Also if you want to know more about Forced Entertainment’s work you can visit their site here which has lots of video of their work

That Night Follows Day is in fact a quietly revolutionary work which, with immaculate artfulness, strips theatre back to the barest essentials. Performance is the simplest utterance, and the text – a beautifully modulated series of variations on a theme – is a sequence of statements.

Alison Croggan

Peter Brook: ‘Simplicity is not a style’

All of my senior students have been Brooked at some point….and quite rightly so. When IB Theatre students ‘do’ their TPPP, the man never fails to make an appearance. This week, his latest play, based on a township short story by the South African dissident Can Themba, opens in London. In the video link below the legendary director discusses the links between the apartheid era and today’s political protests, looks back on a 70-year career – and explains why finding simplicity on stage is more complicated than you’d think.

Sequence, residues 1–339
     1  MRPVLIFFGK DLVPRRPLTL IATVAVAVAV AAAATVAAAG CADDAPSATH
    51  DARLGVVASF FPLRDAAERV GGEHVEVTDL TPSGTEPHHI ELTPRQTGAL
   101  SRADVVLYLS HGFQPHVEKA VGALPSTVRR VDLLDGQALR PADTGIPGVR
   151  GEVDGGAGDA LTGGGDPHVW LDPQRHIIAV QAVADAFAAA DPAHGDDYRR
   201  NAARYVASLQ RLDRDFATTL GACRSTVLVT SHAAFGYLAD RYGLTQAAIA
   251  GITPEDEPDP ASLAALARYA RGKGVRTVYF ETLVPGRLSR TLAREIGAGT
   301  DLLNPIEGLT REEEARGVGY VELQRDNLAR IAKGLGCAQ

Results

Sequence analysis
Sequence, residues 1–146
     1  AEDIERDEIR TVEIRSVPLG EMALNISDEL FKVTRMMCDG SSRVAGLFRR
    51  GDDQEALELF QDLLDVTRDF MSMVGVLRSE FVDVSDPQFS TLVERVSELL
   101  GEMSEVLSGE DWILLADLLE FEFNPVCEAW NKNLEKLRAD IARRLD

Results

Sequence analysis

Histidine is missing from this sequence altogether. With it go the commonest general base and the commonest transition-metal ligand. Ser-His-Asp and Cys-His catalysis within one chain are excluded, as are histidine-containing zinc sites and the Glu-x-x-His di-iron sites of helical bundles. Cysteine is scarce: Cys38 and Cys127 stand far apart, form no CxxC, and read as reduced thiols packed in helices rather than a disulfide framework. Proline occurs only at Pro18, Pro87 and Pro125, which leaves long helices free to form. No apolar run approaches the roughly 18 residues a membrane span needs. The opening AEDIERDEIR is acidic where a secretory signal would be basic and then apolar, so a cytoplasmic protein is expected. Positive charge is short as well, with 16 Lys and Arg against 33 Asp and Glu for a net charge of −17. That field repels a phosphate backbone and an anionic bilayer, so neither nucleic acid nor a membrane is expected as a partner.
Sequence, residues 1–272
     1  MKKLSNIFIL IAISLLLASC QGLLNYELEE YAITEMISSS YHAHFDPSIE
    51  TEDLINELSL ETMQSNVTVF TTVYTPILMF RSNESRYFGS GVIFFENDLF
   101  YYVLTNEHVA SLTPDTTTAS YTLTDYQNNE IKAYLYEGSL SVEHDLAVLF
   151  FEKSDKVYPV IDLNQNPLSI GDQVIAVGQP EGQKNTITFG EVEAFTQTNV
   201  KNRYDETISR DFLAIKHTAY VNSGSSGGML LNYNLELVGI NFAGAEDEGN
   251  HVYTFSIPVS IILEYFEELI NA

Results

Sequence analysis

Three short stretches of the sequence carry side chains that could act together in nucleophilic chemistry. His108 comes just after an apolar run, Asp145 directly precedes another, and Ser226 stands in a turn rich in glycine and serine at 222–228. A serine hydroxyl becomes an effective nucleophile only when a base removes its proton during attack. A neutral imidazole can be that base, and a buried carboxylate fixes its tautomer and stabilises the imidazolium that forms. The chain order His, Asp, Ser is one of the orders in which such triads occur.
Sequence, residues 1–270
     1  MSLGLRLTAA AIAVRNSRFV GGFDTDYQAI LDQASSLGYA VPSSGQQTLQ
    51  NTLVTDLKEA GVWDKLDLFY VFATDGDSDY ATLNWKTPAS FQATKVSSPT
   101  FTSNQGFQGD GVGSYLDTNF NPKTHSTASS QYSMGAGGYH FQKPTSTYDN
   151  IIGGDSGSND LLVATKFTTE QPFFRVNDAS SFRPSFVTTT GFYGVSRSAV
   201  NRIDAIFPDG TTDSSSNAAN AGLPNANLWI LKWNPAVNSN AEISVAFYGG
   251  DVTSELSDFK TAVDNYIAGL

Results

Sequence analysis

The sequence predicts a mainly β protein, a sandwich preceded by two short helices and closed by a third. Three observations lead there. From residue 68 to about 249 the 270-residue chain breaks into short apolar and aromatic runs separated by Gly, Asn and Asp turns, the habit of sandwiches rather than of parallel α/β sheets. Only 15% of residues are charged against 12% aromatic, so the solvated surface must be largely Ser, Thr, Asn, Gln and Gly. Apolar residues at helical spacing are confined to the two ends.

Peter Brook Interview

Brook gave the interview to The Guardian newspaper, and in the same edition, their theatre blogger, Peter Lam talks about the influence Brook had on him:

Peter Brook’s writings made me want to do drama – and his restless exploration of the form, and the world, makes him one of its greatest living exponents

And finally, how could I blog about the great man without quoting his most famous utterance

I can take any empty space and call it a bare stage. A man walks across an empty space whilst someone else is watching him, and this is all that is needed for an act of theatre to be engaged

Wise words from Patsy Rodenburg

Patsy Rodenburg is a voice and acting coach who has worked with some of the world’s leading actors. She says the world needs actors more than ever. In these two talks, amongst other things, she tells the story of a profound encounter that reveals the deeper role theatre can play in people’s lives. She is an incredibly compelling speaker and what she says is really worth a listen by all theatre and performance students.

Some excellent advice and buckets of inspiration

I was chatting with my first year IB theatre students,  Jeff, Tim and Clarissa, this week. I wanted to know what their university plans were. Not one of them knew – fair enough – but made me smile with the comment that ‘well we know it won’t be medicine because we are here talking to you’. So when my colleague John (thanks mate) posted this it struck me as being very prescient. It is 20 minutes long, but worth every minute and should inspire any student of the arts to take a leap of faith